Major League Baseball

Albert Pujols' successful debut shows why Dodgers signed him

May 18

By Pedro Moura
FOX Sports MLB Writer

The Dodgers reached out to the recently released Albert Pujols on Thursday, before they experienced their most recent rash of injuries.

By all indications, the pitch then was for the 41-year-old to become a bench bat. Then shortstop Corey Seager went on the injured list with a broken hand, outfielder A.J. Pollock went back onto it with an aggravated hamstring strain, and utilityman Chris Taylor needed a couple of days to nurse a sore wrist.

And so, up stepped the .198-hitting Pujols for his Dodgers debut Monday as the club’s first baseman and oldest cleanup hitter ever. Max Muncy, who for the first time as a Dodger had been focusing almost all of his energy on playing first base, slid over to second. Gavin Lux moved from second base to shortstop. For the foreseeable future, manager Dave Roberts updated the plan: Pujols will play first base with some regularity.

When the Los Angeles Angels cut Pujols earlier this month, they said it was because he wanted an everyday role. He insisted Monday that was not the case and argued that he hadn’t expected to receive as much early-season playing time as he had in Anaheim. But he had told reporters last month that he expected to play every day there.

Now, with the Dodgers, the two sides say they are in agreement on Pujols’ role and, it seems, in agreement that it will be fluid. Pujols declined to detail what exactly he heard from Roberts and president of baseball operations Andrew Friedman, but he made clear that he is fine with it.

"When a veteran player understands and accepts their role," Roberts said, "they can thrive."

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It’s easy to envision the ideal situation for Pujols to thrive as a pinch hitter: a late inning, a left-hander pitching, a run needed and baserunners on second and/or third. He is susceptible to ground-ball double plays, but he is good at advancing runners when those are out of the question.

Since 2019, Pujols has batted 50 times with a runner on third and fewer than two outs and 33 times with a runner on second and no outs. In both situations, he has advanced the runner 58% of the time. The league averages are 51% and 55%. The 2021 Dodgers are pacing the sport in getting runners to third with fewer than two outs, but they’re getting them home at the second-worst rate, only 41% of the time. They’ve advanced runners from second 46% of the time, seventh-worst.

Situational hitting is the only area of Pujols’ game that has improved with age. It is also the most obvious area where he can help the Dodgers.

"When you have a big spot and you need to move the ball forward, he’s got a nose for that better than any player that I can remember seeing over the last 15, 20 years," Friedman said. "His ability to move the ball forward, drive in key runs, is real."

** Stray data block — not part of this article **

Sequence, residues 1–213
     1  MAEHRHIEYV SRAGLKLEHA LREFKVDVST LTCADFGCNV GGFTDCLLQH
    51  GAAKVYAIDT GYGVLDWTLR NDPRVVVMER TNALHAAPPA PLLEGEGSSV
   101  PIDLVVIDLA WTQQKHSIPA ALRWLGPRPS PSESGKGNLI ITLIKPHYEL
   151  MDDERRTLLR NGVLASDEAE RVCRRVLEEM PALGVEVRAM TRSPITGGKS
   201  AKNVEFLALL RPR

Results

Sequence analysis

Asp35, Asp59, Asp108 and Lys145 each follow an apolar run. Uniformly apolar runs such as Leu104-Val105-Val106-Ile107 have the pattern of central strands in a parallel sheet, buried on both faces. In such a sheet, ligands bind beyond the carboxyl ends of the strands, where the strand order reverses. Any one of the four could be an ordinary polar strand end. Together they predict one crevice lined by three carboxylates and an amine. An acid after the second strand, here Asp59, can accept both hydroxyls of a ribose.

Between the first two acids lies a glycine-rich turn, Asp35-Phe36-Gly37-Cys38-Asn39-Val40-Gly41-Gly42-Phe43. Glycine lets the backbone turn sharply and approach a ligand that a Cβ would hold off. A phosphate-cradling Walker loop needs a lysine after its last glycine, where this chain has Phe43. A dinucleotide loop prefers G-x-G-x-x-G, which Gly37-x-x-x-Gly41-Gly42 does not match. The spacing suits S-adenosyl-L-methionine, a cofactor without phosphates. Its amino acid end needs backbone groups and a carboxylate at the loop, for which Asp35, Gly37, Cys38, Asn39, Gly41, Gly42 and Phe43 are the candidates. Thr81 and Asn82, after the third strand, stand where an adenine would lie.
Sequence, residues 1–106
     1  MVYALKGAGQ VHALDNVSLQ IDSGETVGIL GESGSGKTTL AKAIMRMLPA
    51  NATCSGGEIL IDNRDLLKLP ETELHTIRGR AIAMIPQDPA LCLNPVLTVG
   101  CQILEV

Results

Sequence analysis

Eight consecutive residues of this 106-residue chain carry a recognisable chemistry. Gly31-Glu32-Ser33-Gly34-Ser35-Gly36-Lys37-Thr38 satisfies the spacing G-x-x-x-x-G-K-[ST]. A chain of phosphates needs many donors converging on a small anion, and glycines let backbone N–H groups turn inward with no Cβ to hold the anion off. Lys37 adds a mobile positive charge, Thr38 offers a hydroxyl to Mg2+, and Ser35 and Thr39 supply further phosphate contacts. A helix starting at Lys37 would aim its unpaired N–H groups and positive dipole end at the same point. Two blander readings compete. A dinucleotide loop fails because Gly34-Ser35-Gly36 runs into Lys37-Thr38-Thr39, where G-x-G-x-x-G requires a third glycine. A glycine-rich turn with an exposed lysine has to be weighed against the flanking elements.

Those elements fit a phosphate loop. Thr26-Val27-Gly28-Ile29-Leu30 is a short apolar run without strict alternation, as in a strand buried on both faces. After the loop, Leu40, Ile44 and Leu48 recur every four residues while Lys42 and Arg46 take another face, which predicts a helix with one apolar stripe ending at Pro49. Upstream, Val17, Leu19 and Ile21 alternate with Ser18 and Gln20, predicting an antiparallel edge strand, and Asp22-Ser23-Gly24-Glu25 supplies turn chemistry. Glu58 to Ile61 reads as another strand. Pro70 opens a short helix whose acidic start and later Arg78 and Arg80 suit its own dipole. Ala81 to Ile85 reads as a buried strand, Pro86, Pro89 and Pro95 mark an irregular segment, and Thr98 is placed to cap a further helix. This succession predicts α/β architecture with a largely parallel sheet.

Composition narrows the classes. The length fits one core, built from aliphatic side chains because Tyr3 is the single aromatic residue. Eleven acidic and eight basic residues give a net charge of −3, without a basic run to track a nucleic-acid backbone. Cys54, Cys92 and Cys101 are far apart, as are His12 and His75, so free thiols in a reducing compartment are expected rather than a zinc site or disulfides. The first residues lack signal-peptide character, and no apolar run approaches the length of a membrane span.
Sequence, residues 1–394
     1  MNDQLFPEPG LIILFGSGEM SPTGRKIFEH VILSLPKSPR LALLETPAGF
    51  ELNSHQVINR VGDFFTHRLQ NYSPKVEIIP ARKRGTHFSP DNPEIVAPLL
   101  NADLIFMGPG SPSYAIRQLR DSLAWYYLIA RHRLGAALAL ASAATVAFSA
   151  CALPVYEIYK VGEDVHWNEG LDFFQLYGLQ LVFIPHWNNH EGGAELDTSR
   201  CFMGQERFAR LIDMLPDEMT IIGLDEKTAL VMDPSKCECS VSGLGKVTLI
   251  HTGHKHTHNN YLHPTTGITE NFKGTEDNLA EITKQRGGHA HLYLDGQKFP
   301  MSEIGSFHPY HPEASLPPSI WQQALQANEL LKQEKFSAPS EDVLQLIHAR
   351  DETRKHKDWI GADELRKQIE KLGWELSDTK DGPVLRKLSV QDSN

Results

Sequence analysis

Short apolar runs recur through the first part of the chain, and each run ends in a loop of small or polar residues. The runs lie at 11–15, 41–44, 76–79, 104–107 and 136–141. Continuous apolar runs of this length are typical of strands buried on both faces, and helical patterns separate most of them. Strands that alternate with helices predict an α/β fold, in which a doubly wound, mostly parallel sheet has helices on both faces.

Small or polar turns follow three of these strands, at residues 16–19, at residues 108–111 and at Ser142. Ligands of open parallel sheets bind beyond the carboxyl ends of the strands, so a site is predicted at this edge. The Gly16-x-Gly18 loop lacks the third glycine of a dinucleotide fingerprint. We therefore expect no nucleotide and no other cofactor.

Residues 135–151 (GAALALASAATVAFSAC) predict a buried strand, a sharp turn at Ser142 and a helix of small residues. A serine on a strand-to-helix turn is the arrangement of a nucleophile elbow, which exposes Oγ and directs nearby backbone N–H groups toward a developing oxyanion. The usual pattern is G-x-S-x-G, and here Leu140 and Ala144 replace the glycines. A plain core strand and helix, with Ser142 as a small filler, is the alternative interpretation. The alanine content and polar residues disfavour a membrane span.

In his first media availability as a Dodger, Albert Pujols sets the record straight: He doesn't care about playing time, just about what he can do to help L.A. repeat as champion.

Pujols has retained that ability in part because even now, at his advanced age, he puts the ball in play, striking out only on occasion. That has not been enough to make his overall offensive profile valuable, but the Dodgers believe there are underlying measures to his play this year that point to potential improvement. According to Statcast, Pujols' average exit velocity is harder than it has been in five years. He is barreling baseballs more often. In a small sample, he is hitting left-handed pitching.

"We feel like his body, his swing, the efficiency in his swing, is better than it has been in the past," Friedman said. "I think he talked about how much healthier he feels right now. And he’s impacting balls. His ability to still impact the ball is something that, obviously, will only make him that much more productive offensively."

That remains to be seen. Pujols has continued to time fastballs well as he has aged, and this year, opponents have caught on. They’re throwing him 20% fewer than a year ago and replacing them with breaking balls, which have troubled him.

Maybe the Dodgers can find spots to maximize his skills, against fastball-heavy lefties or in situations that call for a medium-length fly ball. After an ovation from Dodger Stadium fans, Pujols swung at the first pitch he saw as a Dodger, a cutter up in the zone. He hit it high and hard – 101 mph – but only 322 feet. With a runner on third, it would've been perfect. As it were, it ended the first inning of the Dodgers’ game against the Diamondbacks.

Two innings later, "The Machine" stepped up to bat with runners on the corners. He fell behind, no balls to two strikes. Madison Bumgarner’s third pitch was a well-located cutter, but Pujols put his bat on the ball. It escaped the infield, and the Dodgers had their all-important second run in what was ultimately a 3-1 win.

In Pujols' Dodger debut, he supplied exactly what the team envisioned.

Pedro Moura is the national baseball writer for FOX Sports. He most recently covered the Dodgers for three seasons for The Athletic. Previously, he spent five years covering the Angels and Dodgers for the Orange County Register and Los Angeles Times. More previously, he covered his alma mater, USC, for ESPNLosAngeles.com. The son of Brazilian immigrants, he grew up in the Southern California suburbs. Follow him on twitter at @pedromoura.


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